Long-Term Respiratory Muscle Strength in Young COVID-19 Patients

  • STATUS
    Recruiting
  • participants needed
    108
  • sponsor
    Karabuk University
Updated on 3 October 2022
Accepts healthy volunteers

Summary

The coronavirus disease 2019 (COVID-19) is a highly contagious disorder caused by the severe acute respiratory syndrome coronavirus 2 (SARS-CoV-2). COVID-19 is a multisystem disease and therefore presents a variety of symptoms in the acute phase, such as fever, dry cough, fatigue, sore throat, loss of taste or smell, shortness of breath, nasal congestion, chest pain, muscle or joint pain, headache, and nausea.

COVID-19 primarily affects the respiratory functions of individuals. Although this situation is more difficult in hospitalized patients, it also causes severe effects in individuals who recover with home medication. It is thought that this damage caused by COVID-19 may cause permanent effects on individuals in the long term. During the COVID-19 period, individuals also had to maintain an inactive lifestyle due to quarantine. This decrease in physical activity capacity also causes permanent damage to the respiratory functions of individuals. In addition, studies have focused on this population, as COVID-19 usually affects older individuals. However, considering that young people are also exposed to the COVID-19 virus, the effect on respiratory functions in these individuals should also be examined. Combined with the available information on pulmonary functions, there is insufficient evidence about extrapulmonary features in post-COVID-19 patients who survive mild illness in the long term. It is also necessary to examine whether there is permanent damage to extrapulmonary features such as peripheral muscle strength in these individuals.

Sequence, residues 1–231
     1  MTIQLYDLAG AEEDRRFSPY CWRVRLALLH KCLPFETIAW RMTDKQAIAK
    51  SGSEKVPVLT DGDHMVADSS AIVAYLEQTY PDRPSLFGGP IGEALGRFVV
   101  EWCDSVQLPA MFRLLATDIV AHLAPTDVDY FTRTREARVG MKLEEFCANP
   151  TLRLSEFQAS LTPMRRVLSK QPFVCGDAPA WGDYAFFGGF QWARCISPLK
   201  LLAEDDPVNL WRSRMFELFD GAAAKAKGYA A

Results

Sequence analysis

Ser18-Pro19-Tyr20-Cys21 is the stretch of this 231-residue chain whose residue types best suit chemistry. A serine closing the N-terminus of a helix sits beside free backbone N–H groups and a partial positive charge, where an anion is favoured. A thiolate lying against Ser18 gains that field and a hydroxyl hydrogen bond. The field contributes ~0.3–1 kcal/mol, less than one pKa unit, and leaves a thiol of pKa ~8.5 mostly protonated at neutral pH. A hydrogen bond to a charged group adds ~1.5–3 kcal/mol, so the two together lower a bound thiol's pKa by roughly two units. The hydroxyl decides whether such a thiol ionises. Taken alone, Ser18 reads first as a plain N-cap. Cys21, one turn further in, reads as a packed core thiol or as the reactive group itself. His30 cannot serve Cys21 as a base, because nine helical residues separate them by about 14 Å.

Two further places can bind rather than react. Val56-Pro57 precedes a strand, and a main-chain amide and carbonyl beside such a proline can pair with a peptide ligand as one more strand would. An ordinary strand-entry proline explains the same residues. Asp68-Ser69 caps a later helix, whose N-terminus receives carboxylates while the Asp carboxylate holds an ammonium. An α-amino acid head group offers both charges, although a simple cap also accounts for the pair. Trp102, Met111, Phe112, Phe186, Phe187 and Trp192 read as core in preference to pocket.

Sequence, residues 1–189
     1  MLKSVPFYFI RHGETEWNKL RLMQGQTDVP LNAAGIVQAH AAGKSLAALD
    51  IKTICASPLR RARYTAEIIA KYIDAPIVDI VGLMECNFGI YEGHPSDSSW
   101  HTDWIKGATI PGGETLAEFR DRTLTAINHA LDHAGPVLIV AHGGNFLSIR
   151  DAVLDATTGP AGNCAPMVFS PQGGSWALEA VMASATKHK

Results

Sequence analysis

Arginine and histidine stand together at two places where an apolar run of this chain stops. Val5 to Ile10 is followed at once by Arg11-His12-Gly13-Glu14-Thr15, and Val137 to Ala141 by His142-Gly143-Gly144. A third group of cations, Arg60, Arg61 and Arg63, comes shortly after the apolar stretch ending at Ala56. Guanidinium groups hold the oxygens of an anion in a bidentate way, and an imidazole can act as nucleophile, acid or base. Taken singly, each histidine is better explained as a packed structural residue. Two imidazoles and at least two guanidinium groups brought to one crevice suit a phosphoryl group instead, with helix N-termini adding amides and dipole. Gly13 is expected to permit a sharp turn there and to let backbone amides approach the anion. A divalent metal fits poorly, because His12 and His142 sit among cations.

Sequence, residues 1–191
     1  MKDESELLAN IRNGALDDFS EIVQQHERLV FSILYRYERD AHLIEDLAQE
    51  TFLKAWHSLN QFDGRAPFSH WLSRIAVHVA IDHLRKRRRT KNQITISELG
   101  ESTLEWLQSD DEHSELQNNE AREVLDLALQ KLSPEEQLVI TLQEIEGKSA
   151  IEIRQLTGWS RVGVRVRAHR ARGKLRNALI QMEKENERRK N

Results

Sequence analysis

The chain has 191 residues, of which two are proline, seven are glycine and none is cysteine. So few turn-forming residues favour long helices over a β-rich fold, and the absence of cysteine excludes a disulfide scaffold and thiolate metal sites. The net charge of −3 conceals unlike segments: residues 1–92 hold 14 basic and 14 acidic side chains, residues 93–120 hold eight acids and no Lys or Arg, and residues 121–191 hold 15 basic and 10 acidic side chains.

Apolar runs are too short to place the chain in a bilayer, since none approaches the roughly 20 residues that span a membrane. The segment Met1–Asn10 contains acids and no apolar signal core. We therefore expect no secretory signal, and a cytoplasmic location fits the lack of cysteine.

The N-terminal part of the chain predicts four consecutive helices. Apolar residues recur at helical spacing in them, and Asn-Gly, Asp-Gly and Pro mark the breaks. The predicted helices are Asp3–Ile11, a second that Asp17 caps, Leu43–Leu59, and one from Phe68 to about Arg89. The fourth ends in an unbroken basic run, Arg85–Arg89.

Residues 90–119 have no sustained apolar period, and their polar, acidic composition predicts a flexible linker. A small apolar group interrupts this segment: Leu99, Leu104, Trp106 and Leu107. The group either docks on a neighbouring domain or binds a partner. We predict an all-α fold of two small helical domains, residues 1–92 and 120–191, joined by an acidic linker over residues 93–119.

Therefore, in our study, it is aimed to examine the long-term results of respiratory functions, respiratory muscle strength and peripheral muscle strength of young individuals who recovered from COVID-19 and recovered from mild disease.

Details
Condition COVID-19
Clinical Study IdentifierNCT05381714
SponsorKarabuk University
Last Modified on3 October 2022

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